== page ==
University of Wisconsin
School of Medicine and Public Health

Research by Dr. Amy Kind helps target federal diabetes intervention program

Research by Dr. Amy Kind Helps Target Federal Diabetes Intervention Program

Research by Dr. Amy Kind that identified a measure of socioeconomic disadvantage is being used by a federal program to better target community public health programs aimed at improving the health and quality of life of people living with diabetes and pre-diabetes. Above, map provided by Dr. Kind and Dr. William Buckingham of the Applied Population Laboratory with color-coded representation of Area Deprivation Index (ADI). The colors represent ADI deciles, with blue indicating least disadvantaged and red indicating most disadvantaged areas. Urban block groups are less visually apparent due to their small geographic size.

Where you live has a major impact on your health.

As that simple idea gains more traction in public health research, the Centers for Medicare and Medicaid Services (CMS) is now employing a novel tool to target disparities in diabetes care.

Amy Kind, MD, PhD, associate professor, Geriatrics and Gerontology, and her team have refined the Area Deprivation Index (ADI), which allows neighborhoods to be ranked by socioeconomic disadvantage based on 17 US census indicators such as level of education, housing costs, unemployment rates, income levels, and housing quality markers—including factors like crowding. In 2014, she published findings showing seniors from at-risk neighborhoods are more likely to experience hospital readmission after being treated for illnesses such as congestive heart failure than those from less disadvantaged neighborhoods. In that work, Dr. Kind’s team matched ADI data in more than 30 million US nine-digit zip code regions with Medicare claims and other healthcare data. Their analysis allowed a very granular view of socioeconomic disadvantage—down to a census block group, which is an area ranging from 600 to 3000 people—and linked it to information about medical outcomes. Recently, as part of a study funded by the National Institutes of Health on Minority Heath and Health Disparities, Dr. Kind’s team updated these metrics for every neighborhood in the US.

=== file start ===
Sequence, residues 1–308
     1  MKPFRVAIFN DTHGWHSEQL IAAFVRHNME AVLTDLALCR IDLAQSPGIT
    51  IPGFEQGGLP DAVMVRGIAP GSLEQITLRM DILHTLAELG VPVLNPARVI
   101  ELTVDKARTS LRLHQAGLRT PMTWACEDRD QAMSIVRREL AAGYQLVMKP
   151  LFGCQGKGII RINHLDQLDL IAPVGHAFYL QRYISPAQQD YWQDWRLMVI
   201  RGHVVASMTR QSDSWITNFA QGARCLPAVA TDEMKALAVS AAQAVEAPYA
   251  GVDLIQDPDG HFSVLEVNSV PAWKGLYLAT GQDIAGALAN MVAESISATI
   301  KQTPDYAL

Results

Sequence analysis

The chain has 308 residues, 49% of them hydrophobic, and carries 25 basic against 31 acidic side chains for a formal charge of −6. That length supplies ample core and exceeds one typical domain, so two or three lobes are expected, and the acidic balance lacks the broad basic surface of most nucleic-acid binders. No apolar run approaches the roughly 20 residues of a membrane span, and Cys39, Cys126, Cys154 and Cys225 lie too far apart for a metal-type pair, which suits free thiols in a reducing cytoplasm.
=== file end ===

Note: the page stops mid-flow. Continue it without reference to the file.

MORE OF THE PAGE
CMS program leaders took note of the work and will now use these data to target diabetes education efforts to seniors residing in the most disadvantaged areas (in addition to targeting traditional individual disparities). The Everyone with Diabetes Counts (EDC) program, which provides diabetes self-management education to medically underserved seniors, will use the ADI tool from Dr. Kind’s team to add neighborhoods and communities in each state that had not previously been identified for inclusion, allowing EDC’s diabetes prevention and outreach classes to reach additional seniors in need. [Read more]

“We are thrilled that our research has contributed in a meaningful way to this critical policy initiative. In the coming year we will be making these updated metrics freely available to the public for all to use in health, research, policy and other community initiatives,” said Dr. Kind.

According to the Centers for Disease Control and Prevention, 29.1 million Americans have diabetes and another 86 million have prediabetes (a precursor of diabetes). The Centers for Disease Control’s 2014 national diabetes statistical report also states one in 10 health care dollars is spent treating diabetes and its complications. Additionally, 30 percent of those with a known diagnosis of diabetes require more than two overnight hospitalizations per year.